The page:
Sussan Babaie – Urbanity and Mercantile ‘Taste’: the Houses of Aleppo

Thu, Apr 7, 2016    6pm

Sussan Babaie joined The Courtauld Institute of Art in 2013 to take up a newly established post teaching on the arts of Iran and Islam. Born in Iran, Sussan attended the University of Tehran’s Faculty of Fine Arts (Graphic Design) until the revolution of 1979 when she moved to the USA to study for a Master’s degree in Italian Renaissance and American Arts, followed by a PhD at the Institute of Fine Arts, NYU, where she focused on the arts of Islam. She has many years of experience teaching at Smith College and the University of Michigan in America, and as the Allianz Visiting Professor at the Institut für Kunstgeschichte, Ludwig Maximilian University, in Munich. Sussan has served on the International Advisory Board of Art History.

Her exhibitions include the guest-curated Strolling in Isfahan, at the Sackler Museum of Harvard University (2010), and two exhibitions she curated with her undergraduate students at the University of Michigan Museum of Art (installation, 2002-2006), and at Smith College Museum of Art (1998). While she was a graduate student fellow at the Metropolitan Museum of Art, she co-curated and co-wrote the catalogue of the exhibition ‘Persian Drawings in the Metropolitan Museum of Art’ (1989). She has consulted on Persian and Islamic arts with the Walters Art Museum, Baltimore, the Kelsey Museum of Archaeology, University of Michigan, the Portland Art Museum, Portland, Oregon, and the Detroit Institute of Art.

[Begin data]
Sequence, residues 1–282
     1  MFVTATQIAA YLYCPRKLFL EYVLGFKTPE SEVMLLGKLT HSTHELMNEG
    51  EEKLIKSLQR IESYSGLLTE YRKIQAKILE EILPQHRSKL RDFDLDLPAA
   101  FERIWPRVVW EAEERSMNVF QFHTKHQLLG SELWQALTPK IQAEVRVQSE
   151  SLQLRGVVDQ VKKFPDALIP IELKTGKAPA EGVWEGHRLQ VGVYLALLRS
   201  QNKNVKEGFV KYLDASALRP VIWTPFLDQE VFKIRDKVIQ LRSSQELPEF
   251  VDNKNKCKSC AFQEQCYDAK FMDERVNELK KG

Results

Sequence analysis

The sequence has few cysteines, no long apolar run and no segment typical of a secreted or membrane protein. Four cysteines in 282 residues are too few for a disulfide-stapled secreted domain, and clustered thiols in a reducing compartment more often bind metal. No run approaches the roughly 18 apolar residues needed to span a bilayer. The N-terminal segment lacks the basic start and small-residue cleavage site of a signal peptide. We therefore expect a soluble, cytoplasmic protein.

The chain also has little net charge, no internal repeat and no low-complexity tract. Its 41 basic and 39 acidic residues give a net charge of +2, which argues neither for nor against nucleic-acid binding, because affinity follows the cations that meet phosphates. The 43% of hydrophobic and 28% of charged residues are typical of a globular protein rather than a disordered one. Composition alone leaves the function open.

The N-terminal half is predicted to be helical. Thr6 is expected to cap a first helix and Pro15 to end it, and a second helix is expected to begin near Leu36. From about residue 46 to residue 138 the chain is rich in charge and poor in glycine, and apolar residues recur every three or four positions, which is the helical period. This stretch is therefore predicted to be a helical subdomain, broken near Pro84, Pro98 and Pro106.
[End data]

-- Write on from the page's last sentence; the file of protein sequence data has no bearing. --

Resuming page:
Her research interests include the early modern Safavid period with topics on urbanism and empire studies, on sexuality and social habits of ‘seeing’, and on transcultural visuality and notions of exoticism. A university-trained graphic designer, she writes and lectures on the historiography of the global contemporary and its implications for the arts of Iran and the Middle East. Most recently, her research has been supported by grants from the United States National Endowment for the Humanities, the Fulbright (for research in Egypt and Syria) and the Getty Research Institute in Los Angeles.